THIS BLOG POST IS ONE OF SEVERAL GUEST EDITORIALS THAT WILL BE PUBLISHED DURING SUNSHINE WEEK (March 14 – 20), HIGHLIGHTING THE NEED FOR MORE GOVERNMENT TRANSPARENCY.
By David Saad
The following testimony was provided to the House Judiciary Committee on House Bill 108 which, if passed, would require a list of sealed minutes be maintained and available to the public:
In the existing law regarding the sealing of minutes, RSA 91-A:3 III states
“…Information may be withheld until, in the opinion of a majority of members, the aforesaid circumstances no longer apply”.
Thus, to follow the letter and spirit of the current law, current members of each public body should be periodically reviewing all previously sealed minutes, to determine if the original circumstances for sealing the minutes still apply. In practice, this periodic review is never done. Thus, most public bodies are in violation of the law. Since no list of previously sealed minutes exist, if a member of the public or a member of a public body made a right to know request for sealed minutes on a particular subject, the public body would be obligated to make a reasonable search to comply with the request. This would require a detailed review of all minutes for an extended period of time to identify which minutes were sealed.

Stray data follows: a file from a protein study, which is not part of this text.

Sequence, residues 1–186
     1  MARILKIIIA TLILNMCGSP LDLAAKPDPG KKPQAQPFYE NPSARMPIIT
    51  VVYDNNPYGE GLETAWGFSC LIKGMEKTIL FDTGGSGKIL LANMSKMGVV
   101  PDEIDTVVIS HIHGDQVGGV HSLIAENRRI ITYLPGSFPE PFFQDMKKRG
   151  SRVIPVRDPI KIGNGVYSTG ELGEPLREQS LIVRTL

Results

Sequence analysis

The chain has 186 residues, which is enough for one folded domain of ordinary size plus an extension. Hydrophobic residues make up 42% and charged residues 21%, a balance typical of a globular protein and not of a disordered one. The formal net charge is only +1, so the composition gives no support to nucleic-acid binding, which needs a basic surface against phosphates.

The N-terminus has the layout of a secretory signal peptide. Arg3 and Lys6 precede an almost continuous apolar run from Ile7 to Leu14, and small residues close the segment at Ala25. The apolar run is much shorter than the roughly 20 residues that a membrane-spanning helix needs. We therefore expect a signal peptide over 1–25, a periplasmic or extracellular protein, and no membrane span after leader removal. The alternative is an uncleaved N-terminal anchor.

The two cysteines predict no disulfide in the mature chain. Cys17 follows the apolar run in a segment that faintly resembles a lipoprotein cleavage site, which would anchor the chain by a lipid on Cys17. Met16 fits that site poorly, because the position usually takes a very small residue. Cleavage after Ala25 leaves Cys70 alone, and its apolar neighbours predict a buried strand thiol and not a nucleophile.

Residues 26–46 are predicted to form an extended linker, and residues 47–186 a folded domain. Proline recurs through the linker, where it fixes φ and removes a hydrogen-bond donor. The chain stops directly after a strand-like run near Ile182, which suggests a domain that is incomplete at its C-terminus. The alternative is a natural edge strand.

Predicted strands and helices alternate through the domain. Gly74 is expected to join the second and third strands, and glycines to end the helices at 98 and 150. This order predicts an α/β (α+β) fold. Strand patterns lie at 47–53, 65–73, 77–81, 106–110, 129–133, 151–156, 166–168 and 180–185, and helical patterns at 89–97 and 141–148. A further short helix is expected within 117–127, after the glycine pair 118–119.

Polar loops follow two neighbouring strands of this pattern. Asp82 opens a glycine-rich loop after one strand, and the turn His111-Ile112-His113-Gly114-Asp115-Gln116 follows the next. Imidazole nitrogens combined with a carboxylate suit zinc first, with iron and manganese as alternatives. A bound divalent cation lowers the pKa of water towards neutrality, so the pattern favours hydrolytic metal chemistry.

The benefits of having a list of sealed minutes are:
- Reduces the administrative burden on public bodies to follow the existing law, which is to periodically review all previously sealed minutes to determine if the original circumstances for sealing the minutes still apply. It is much easier to maintain a list on an ongoing basis than to go back and compile the list at a later date in order to comply with the law.
- Reduces the administrative burden on public bodies to respond to Right to Requests made for minutes related to topics which were discussed during nonpublic sessions and previously sealed.
- Ensures a more open government by having a list which tracks, for everyone to see, when discussions took place in which the minutes of those discussions remain hidden from public disclosure.
This bill, which was drafted by Right to Know NH, was passed by the Judiciary Committee with the vote 21-0.
David Saad is President of Right to Know NH (RTKNH) and can be emailed at firstname.lastname@example.org